WASHINGTON — The president of the Electric Cooperatives of Arkansas urged a congressional panel Tuesday to put the brakes on imposing new cyber security mandates on power utilities, saying voluntary industry standards are working.
“Don’t short circuit the existing framework,” said Duane Highley, president of the cooperative that serves more than 500,000 Arkansans.
Highley testified before the House Energy and Commerce Committee, which is examining the steps that the federal government and private sector are taking to bolster the security of the electric grid against cyber attacks.
The number of reported cyber security incidents affecting critical infrastructure control systems increased from nine in 2009 to 198 in 2011, according to a federal report.
In February, President Obama issued an executive order directing the National Institute of Standards and Technology to develop a “Cybersecurity Framework” aimed at reducing cyber risks to critical infrastructure.
Republicans and Democrats on the committee say it is imperative that the nation’s electric grid is well protected against attacks from cyberspace as well as unconventional weapons like an “energy pulse” such as the one that fictionally took down the Las Vegas grid in “Ocean’s Eleven.”
But the two sides disagree on the right approach.
Republicans spoke favorably of a “voluntary” approach that would have the government provide incentives — such as tax credits and liability protections — to encourage an industry-led effort to bolster security of critical infrastructure.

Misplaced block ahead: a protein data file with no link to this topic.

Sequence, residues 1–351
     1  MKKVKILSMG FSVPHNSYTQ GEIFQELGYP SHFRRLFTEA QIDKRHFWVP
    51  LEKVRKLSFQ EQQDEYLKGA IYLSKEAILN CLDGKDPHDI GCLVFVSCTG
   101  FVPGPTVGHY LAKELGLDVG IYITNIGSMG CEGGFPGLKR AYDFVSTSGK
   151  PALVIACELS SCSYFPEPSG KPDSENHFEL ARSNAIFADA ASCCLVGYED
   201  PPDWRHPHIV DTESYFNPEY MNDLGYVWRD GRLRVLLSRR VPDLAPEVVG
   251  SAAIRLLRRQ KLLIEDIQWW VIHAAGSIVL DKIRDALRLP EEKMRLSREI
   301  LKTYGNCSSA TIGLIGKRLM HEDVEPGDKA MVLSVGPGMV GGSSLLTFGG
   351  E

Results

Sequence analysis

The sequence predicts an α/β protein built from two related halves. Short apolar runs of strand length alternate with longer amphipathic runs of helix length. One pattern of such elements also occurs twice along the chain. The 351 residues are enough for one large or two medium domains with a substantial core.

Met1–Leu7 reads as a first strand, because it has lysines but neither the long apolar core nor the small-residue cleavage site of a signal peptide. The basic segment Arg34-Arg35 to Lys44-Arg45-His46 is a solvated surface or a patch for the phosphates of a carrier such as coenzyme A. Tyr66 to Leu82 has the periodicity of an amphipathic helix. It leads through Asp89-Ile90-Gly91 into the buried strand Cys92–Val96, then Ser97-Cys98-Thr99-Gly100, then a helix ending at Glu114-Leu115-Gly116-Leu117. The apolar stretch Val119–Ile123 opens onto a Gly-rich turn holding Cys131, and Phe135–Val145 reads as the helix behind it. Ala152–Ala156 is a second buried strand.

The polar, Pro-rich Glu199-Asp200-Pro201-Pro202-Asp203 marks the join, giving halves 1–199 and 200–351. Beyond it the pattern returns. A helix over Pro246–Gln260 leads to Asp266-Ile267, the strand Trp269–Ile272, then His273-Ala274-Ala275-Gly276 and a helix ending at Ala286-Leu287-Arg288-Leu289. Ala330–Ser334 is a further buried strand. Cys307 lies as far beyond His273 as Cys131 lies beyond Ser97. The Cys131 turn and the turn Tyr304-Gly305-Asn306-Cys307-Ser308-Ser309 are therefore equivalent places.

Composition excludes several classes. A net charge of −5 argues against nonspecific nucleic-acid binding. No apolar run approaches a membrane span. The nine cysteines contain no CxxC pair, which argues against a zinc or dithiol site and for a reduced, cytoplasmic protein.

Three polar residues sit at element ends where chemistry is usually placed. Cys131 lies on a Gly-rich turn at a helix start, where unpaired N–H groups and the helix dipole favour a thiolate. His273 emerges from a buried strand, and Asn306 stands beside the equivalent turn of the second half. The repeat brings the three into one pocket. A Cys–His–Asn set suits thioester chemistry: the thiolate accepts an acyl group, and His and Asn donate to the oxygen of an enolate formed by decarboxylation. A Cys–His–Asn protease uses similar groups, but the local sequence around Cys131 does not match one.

Democrats raised concerns that some regulations may be needed to insure the protection of the electric grid and other critical infrastructure.
Rep. Henry Waxman, D-Calif., polled 150 electric utilities about their efforts to protect the electric grid and found that most utilities comply with mandatory reliability standards but not voluntary recommendations against a specific threat.
Twenty-one percent of investor-owned utilities implemented the North American Electric Reliability Corp. recommendation to protect against the Stuxnet virus – a computer worm designed to attack Iran’s nuclear facilities, he noted.
“The failure of utilities to heed the advice of their own industry-controlled reliability organization raises serious questions about whether the grid will be adequately protected by a voluntary approach to cyber security. When specific threats arise, prompt action is needed,” Waxman said.
Rep. Marsha Blackburn, R-Tenn., argued that cyber security is “uniquely ill-suited” for federal regulation that cannot keep up with rapid changes in technology.
“Our focus should be on developing consensus public policy that puts American businesses in the driver’s seat and allows cooperation and collaboration, not top-down and one-size-fits all mandates,” Blackburn said.
Highley echoed Blackburn’s assessment, noting that industry collaboration is essential to maintaining such a complex system.
“The grid is an extremely complex machine and changes need to be carefully coordinated with all stakeholders,” he said.
Patrick Gallagher, director of the National Institute of Standards and Technology, testified that the Obama administration “strongly supports” a sector-led solution but anticipates needing some additional legislation to protect critical infrastructure.